Réseau francophone de soutien professionnel

| Français |
text size
| sitemap

Teenage Head

section identifier image

Why adolescence can be so baffling

By Angela Pirisi

Adolescence conjures up the opening line from Charles Dickens’s A Tale of Two Cities: “It was the best of times, it was the worst of times….” It’s a period when the sense of adventure and discovery merge messily with distraction, sensation-seeking, emotional intensity and poor decision-making.

Fresh perspectives about adolescent behaviour have emerged as new inroads are made into understanding the adolescent brain. Over the last decade, thanks largely to advances in imaging technology, science has been starting to explain the baffling behaviour that makes parents and health professionals alike scratch their heads.

Any adult would agree that it’s annoying and challenging to live through a major home renovation. For adolescents, that’s exactly what they’re going through—only it’s happening in their brain. Contrary to the long-held belief that structurally the human brain is set like cement in early childhood, recent research has shown that this isn’t the case.

“It was believed that all major changes in the brain happened up until age 6 because by then, the brain is at about 95 per cent of its adult weight,” says Dr. Jean Clinton, a child and adolescent psychiatrist and associate clinical professor in the Department of Psychiatry and Behavioural Neuroscience at McMaster University in Hamilton, Ont. But groundbreaking work begun in the late ’90s by Dr. Jay Giedd, a neuroscientist at the National Institutes of Health in Bethesda, Md., revealed otherwise. Giedd initiated a longitudinal study that involved scanning the brains of young people every couple of years. What he saw was a change in the grey-to-white–matter ratio. “Other researchers then started looking at structural changes in the teen brain, and these changes are profound,” says Clinton.

Any adult would agree that it’s annoying and challenging to live through a major home renovation. For adolescents, that’s exactly what they’re going through—only it’s happening in their brain.

Dr. Deborah Yurgelun-Todd, director of the Cognitive Neuroimaging Laboratory at the University of Utah Brain Institute, sees these profound changes. “The brain weighs the same in a 12-year-old as in an 18-year-old, but how that tissue works and how it’s sculpted is different,” she says. The 12-year-old brain may be 95 per cent of its full-grown weight, but it’s only halfway in its maturation process, which continues until about age 24.

So what’s happening in there? Key changes have to do with what is known as proliferation and pruning. The grey matter, or “thinking part of the brain,” as Giedd calls it, continues to thicken throughout childhood and peaks at about puberty (age 11 in girls and 12 in boys). By this time, the brain has sprouted thousands of new neuronal connections, much like the branches of a tree. The next stage is marked by pruning of the new connections and consequently a thinning of the grey matter—basically, connections that get used grow stronger, and less used ones get whittled away for good.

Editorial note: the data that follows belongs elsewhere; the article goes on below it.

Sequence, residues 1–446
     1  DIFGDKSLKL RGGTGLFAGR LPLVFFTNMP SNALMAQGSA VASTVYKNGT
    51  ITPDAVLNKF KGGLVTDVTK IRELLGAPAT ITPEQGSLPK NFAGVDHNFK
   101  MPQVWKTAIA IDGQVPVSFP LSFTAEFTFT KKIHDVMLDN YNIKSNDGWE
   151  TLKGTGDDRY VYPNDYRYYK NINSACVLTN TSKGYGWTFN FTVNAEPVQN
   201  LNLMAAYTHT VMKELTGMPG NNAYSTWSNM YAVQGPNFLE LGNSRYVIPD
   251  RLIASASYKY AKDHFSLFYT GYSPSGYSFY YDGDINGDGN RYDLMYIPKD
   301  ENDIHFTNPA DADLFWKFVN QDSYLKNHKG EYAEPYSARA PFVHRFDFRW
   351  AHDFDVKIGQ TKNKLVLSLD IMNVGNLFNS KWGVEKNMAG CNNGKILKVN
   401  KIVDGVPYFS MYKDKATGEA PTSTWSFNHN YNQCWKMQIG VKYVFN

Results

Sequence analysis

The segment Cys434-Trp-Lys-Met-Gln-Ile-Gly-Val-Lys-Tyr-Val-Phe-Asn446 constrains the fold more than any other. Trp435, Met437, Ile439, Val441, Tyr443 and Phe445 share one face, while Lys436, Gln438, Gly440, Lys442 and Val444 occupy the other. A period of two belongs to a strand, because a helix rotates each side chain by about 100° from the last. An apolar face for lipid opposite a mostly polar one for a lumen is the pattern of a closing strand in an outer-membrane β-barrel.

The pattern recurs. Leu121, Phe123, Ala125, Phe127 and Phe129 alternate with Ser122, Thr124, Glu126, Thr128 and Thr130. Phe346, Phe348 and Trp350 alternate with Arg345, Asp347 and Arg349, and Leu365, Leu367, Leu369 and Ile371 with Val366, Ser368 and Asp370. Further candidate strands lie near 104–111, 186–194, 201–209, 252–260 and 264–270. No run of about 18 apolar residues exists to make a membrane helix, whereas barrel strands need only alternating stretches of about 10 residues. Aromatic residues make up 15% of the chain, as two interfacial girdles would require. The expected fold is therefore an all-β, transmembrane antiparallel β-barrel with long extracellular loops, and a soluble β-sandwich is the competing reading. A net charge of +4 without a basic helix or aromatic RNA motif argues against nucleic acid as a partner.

The structural changes that shape adolescent behaviour happen in many areas of the brain, but three are particularly noteworthy: the nucleus accumbens (responsible for reward-seeking behaviour), the amygdala and the prefrontal cortex. “Kids are terrific in that they’re developing new skills and abilities, but they’re very challenging because their reward-seeking and thrill-seeking systems are under construction, as is executive function (which develops later than thrill-seeking),” says Clinton. “So there’s a mismatch between reward drive and ‘stop-and-think-about-it.’” That gap between doing and thinking is at the basis of so many accidental deaths and injury among youth, adds Clinton.

Since the nucleus accumbens is still immature in adolescents, it looks for maximum excitement using minimal effort, thus explaining why video gaming is such a common pursuit among teens. The amygdala is responsible for emotional responses, including the explosive behaviour often associated with turbulent teenagehood. It goes into a sort of overdrive during adolescence—in fact, studies show that adolescents use emotional processing a lot, applying an emotional lens when adults would rely on reason. The prefrontal cortex, the judgment part of the brain, undergoes changes as well, but it’s the tortoise in the race. Although it is responsible for planning, setting goals and predicting the consequences of action, the prefrontal cortex is the last part of the brain to mature, which means that logic takes a backseat to visceral reactions.

In one study where adolescents underwent the Stroop interference task (which tests the ability to ignore interfering stimuli), results showed an age-related change in the prefrontal cortex. “As you mature from age 8 to 18, your ability to focus your attention improves. Using fMRI, we showed that activation differences in certain regions of the brain correlated with that improvement,” says Yurgelun-Todd. “These findings are more about cognitive processes than affective or emotional processing, but they’re still completely related to differences in mood and the ability to modulate affect because it is this change in frontal cortex that provides you with increasing skills to use judgment.”

The dynamic state of the adolescent brain and the changes that occur are what increases the brain’s potential, but they also render the brain vulnerable to adverse events. For example, studies have revealed that anxiety disorders, bipolar disorder, depression, eating disorders, psychosis (including schizophrenia) and substance abuse typically surface in adolescence.

The dynamic state of the adolescent brain and the changes that occur are what increases the brain’s potential, but they also render the brain vulnerable to adverse events.

Neurobiological changes that are part of normal adolescent development seem to coincide with the emergence of mental illness. For example, proliferation turns to pruning by early adolescence, which coincides with a period of higher vulnerability to schizophrenia. Dr. Martin Teicher, director of the Developmental Biopsychiatry Research Program at McLean Hospital in Belmont, Mass., suggests in his research that the pruning that is supposed to help fine-tune the brain could in fact be unmasking a congenital defect in people with schizophrenia. On the other hand, pruning in the striatum seems to coincide with the decreasing occurrence of attention-deficit/hyperactivity disorder and Tourette’s syndrome in adolescence.